The Adrian Noon Rotary Club in Adrian, MI, like our local community, has a rich history.
Our club was formed on March 24, 1921, during a banquet held at Gussenbauer’s Tea Room which was located in the 100 block of South Main Street, with 24 charter members and visiting Rotarians from Toledo, Jackson, and Hillsdale. The original officers were T.C. Kennedy, Clarke E. Baldwin, A.V. Riddle, James H. Howell, and Earl G. Kuney. Little could these and the original 24 Rotarians have imagined the major impact that Rotary International would have on our community during the next 75 years!
Our club meets weekly on Thursday at noon at the Lenawee Country Club. In the coming year, we will be honoring our club and community’s history. We encourage you to come as a guest to one of our meetings and learn all about our club. We serve the greater Adrian Community and we always have a lot of fun.
It is our goal to improve the quality of life within the communities we serve. We achieve this by generously giving our time and skills. Our members also strive to live by the Rotary International belief, “service over self.”
Our civic organization is fun, engaging, and works hard to improve all of those around us and those throughout the world. We work hard to advance international peace, goodwill, and understanding.
During the 2016-17 Rotary year, the club felt it was important to develop a New Prospect Brochure all members could have to hand out to individuals who might like to consider joining our club. Below is a copy of the revised brochure that is available during all of our meetings for members to take and distribute as they see fit.
Paul Sincock joined the Plymouth Rotary Club in 1981 and is a second generation Rotarian, following in the footsteps of his late father, Robert, who also was a Plymouth Rotarian and Past Club President. Paul’s “Rotary Life” began early, attending many Plymouth Rotary Club and District events with his parents. Paul has incredible memories of working the serving line at the famous Plymouth Rotary Chicken Bar-be-que and attending many District Conferences with members of the Plymouth Rotary Club through his teen years.
Paul has served in many leadership positions of his club, Plymouth Rotary Foundation Board Member and President, and served as Club Board Member and served as President of the Rotary Club of Plymouth in 2001 – 02.
Besides his love for the City of Plymouth, where he serves as City Manager, Paul’s passion is the Rotary Youth Exchange program. With his firm belief that the Youth Exchange Program promotes Peace and Understanding around the world, Paul currently serves as the District 6400 Rotary Youth Exchange Committee Chair. Paul and his wife Traci, a member of the Northville Rotary Club have hosted numerous exchange students from around the world. As Chair of the Youth Exchange Committee, he has been instrumental in the transition that converted paper files to electronic files, which now allows easy club access to records and on-line applications for future students, club volunteers and host families. For his work with Youth Exchange, Paul was presented with a District COG Award in 2010 – 11.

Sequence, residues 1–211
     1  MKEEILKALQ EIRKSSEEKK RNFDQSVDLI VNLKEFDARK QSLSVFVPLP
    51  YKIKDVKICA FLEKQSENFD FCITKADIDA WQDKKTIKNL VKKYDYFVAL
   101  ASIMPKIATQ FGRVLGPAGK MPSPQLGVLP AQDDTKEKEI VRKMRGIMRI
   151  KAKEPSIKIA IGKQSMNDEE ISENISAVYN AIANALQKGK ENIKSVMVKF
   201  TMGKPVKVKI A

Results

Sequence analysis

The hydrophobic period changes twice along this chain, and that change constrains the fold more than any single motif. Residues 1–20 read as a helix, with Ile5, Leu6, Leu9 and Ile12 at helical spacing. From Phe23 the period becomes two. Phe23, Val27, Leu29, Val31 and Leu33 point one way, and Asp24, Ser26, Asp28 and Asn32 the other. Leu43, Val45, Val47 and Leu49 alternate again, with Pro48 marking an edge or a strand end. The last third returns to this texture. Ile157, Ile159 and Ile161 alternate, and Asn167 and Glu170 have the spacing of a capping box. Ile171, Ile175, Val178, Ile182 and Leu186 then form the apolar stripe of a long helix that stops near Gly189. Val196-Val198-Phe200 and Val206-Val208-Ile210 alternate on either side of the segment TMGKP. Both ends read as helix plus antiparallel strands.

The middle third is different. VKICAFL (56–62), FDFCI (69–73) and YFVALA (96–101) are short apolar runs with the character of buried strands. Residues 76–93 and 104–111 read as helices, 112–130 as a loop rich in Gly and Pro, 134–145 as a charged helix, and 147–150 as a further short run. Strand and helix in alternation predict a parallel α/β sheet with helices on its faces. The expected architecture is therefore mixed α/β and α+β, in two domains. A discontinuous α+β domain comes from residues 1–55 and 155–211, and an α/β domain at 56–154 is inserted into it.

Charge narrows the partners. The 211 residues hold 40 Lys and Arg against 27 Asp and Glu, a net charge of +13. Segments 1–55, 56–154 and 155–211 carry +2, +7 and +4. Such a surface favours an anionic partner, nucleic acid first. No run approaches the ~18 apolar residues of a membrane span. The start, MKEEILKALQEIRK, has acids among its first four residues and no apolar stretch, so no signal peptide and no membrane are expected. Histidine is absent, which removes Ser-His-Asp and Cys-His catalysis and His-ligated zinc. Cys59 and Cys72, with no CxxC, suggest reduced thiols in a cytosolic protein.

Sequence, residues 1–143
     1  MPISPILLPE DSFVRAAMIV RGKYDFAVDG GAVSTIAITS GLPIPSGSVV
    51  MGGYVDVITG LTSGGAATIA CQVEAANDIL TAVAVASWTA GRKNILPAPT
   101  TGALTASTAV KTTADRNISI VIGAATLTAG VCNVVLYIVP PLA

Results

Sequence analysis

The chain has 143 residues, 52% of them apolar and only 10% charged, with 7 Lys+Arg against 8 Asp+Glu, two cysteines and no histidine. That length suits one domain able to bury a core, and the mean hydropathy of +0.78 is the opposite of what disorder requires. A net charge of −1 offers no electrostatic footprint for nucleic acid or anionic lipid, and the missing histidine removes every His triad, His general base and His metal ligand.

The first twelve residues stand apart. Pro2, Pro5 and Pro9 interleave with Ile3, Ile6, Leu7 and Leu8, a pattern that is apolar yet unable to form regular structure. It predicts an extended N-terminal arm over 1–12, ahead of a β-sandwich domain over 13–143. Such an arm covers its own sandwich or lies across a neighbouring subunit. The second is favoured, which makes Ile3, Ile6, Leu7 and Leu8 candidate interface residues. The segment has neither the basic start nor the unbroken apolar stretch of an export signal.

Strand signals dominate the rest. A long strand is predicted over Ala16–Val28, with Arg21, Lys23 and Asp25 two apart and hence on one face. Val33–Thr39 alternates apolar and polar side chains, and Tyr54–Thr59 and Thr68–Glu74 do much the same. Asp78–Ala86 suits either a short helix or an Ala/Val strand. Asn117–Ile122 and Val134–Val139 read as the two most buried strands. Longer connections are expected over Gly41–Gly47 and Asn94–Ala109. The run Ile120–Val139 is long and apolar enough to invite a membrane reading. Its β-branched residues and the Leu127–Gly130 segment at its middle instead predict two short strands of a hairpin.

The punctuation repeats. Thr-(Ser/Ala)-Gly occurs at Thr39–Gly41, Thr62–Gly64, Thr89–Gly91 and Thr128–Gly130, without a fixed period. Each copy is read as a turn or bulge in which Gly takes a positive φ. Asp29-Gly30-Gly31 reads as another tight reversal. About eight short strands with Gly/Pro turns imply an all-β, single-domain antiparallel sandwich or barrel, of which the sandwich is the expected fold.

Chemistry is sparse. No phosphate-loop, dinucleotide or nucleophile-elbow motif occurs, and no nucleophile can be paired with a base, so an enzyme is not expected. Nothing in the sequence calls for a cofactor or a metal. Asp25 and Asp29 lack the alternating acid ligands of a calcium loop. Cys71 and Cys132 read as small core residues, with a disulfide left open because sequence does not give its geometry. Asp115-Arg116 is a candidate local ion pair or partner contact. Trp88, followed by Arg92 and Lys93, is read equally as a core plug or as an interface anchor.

Paul is a Paul Harris Fellow, a regular presenter on Customer Service issues and Youth Exchange, and has served on numerous District Conference Committees. He also can be seen as a volunteer airport ambassador at Detroit Metropolitan Airport and serves as chair of the Emergent Health Partners Quality Review Committee.
Paul and Traci, along with their beloved Labrador, Luke, look forward to serving District 6400 Rotarians.
FACTS ABOUT THE ADRIAN ROTARY FOUNDATION
What is the ARF and how is it different from the Rotary International Foundation (RIF)?
Answer: The dollars donated to the ARF (a 501C3 organization) stay in Adrian and are used by our club for programs/causes as determined by the ARF board of directors. Five percent of the corpus is given to the Adrian Noon Rotary Club and the club board of directors determines how it is used. Half of the monies donated to the RI Foundation go to RI and the other half come back to our district who then decide which clubs to give matching grants to.
How old is the ARF?
Answer: 55 years old as of 2018 (Began in 1963)
When the club held a luncheon to celebrate the ARF’s 50th anniversary, how much money was raised at that event?
There are several levels (Fellows) of recognition within the ARF. Who is the highest level of recognition named after?
Answer: Frank Dick. A Frank Dick Fellow are donors who contribute $5,000 or more to the ARF. Ken Roof Fellow - $2,500-$4,999; ARF Fellow - $1-$1,999.
Who are the members of the ARF?
Answer: All Adrian Noon Club members.
What are the 3 main responsibilities of the ARF board of directors?
Answer: (1) monitor the accounts where money is invested (2) administering the funds (3) grow the corpus
What percentage of funds from the ARF are given to the club each year?
When is that 5% of the holdings allocated each year?
Answer: The holdings (account balances) are calculated on December 31st of each year and 5% is distributed to the incoming president the following July 1.
How much money is in the ARF as of March 31, 2018?
How much money was in the ARF 15 years ago?
Additional ARF Information
The ARF monies are held in three separate accounts:
General Fund (equities/stock portfolio) at Old National Bank
Restricted Fund (Scholarship fund with Siena Heights University) at Old National Bank